Severe weather threat lingers in mid-Atlantic as storm system begins final leg of trip across US

Severe weather threat lingers in mid-Atlantic as storm system begins final leg of trip across US

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severe weather outbreak that caused damage from Texas to the Ohio Valley and the Southeast and led to the death of one person in Kentucky continued for the third straight day Wednesday.

This time, the worst weather happened along the East Coast, particularly in parts of Virginia and Florida.

Due to atmospheric conditions not being as conducive for severe weather, chances for damaging winds, large hail and tornadoes are lower than Monday and Tuesday.

“So, we go from a (Level) 4 out of 5 risk now to a 2 out of 5,” FOX Weather Meteorologist Steve Bender said.

“It doesn’t mean you let off the gas pedal. You still think about what those threats can be.”

NOAA’s Storm Prediction Center highlighted two separate areas as having the greatest risk of severe weather Wednesday – one stretching from Delaware to northern North Carolina and another extending across North and Central Florida.

A Tornado Watch has been issued in the mid-Atlantic region but does not include Washington or Baltimore.

Overall, nearly 30 million people in these regions face the risk of damaging wind gusts, large hail and a tornado or two.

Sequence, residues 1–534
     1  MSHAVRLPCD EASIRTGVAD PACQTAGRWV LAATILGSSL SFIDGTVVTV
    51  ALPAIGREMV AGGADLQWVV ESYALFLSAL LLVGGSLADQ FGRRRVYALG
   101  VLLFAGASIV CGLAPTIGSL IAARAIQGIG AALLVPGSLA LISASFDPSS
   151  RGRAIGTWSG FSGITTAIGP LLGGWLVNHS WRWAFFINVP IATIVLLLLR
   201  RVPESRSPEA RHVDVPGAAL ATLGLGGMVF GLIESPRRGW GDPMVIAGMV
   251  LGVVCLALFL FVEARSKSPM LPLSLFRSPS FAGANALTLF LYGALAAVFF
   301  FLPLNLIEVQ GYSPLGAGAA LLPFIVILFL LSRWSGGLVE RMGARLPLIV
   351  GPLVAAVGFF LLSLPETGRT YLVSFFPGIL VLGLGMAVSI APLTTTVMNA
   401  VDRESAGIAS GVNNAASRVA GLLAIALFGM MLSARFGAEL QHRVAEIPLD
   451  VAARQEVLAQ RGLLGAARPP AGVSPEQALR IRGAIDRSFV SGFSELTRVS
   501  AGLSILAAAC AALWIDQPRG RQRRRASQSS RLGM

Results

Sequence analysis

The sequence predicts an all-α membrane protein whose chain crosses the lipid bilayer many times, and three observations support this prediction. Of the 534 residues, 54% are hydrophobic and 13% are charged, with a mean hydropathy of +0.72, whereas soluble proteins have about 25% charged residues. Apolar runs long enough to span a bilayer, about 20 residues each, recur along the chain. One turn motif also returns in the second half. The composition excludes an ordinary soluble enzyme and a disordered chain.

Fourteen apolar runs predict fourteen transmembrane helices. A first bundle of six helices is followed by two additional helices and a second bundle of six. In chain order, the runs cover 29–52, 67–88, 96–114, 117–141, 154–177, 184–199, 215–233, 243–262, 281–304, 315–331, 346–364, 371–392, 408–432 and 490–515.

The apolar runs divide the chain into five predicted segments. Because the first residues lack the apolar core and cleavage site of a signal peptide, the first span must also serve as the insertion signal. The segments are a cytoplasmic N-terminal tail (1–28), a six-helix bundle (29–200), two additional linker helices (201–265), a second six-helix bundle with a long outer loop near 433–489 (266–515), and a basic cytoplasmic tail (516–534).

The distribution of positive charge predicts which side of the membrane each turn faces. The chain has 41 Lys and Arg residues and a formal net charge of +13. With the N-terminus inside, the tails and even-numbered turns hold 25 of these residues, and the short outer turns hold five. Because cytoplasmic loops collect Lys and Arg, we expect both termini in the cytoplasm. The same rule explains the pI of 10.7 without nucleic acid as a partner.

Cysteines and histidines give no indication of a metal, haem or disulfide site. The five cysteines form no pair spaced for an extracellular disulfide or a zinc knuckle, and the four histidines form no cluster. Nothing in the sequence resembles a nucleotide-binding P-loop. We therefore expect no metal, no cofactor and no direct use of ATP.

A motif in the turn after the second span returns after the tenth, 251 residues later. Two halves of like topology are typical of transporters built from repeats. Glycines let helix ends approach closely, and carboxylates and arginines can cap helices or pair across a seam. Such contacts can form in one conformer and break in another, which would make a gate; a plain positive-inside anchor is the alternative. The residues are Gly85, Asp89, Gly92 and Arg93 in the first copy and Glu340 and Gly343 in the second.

Tornado report trend
Due to atmospheric conditions not being as conducive for severe weather, chances for damaging winds, large hail and tornadoes are lower than Monday and Tuesday. FOX Weather

What are the storms doing right now?

A cold front continues to march past the East Coast, with plenty of showers and thunderstorms ahead of it.

The storm system is fast-moving, with some thunderstorms moving east at more than 50 mph.

Some of the storms continue to turn severe, prompting warnings for several counties.

The majority of the storms are expected to move off the East Coast by sunset, but the winter weather on the northern end of the storm system will linger through at least Thursday.

Active watches
A Tornado Watch has been issued in the mid-Atlantic region but does not include Washington or Baltimore. FOX Weather

April is usually 2nd-busiest month for severe weather

The fourth month of the year typically sees an increase in severe weather outbreaks as seasonal air masses clash over the eastern half of the country.

In fact, April is usually the second busiest for tornadoes, only outdone by May.

A global climate pattern known as El Niño is known to clamp down on severe weather outbreaks in the Lower 48.

The year seems to be following the norms set during previous El Niño events.

Data from NOAA’s Storm Prediction Center shows tornado activity for the year is below average, while hail and damaging wind reports are closer to average.





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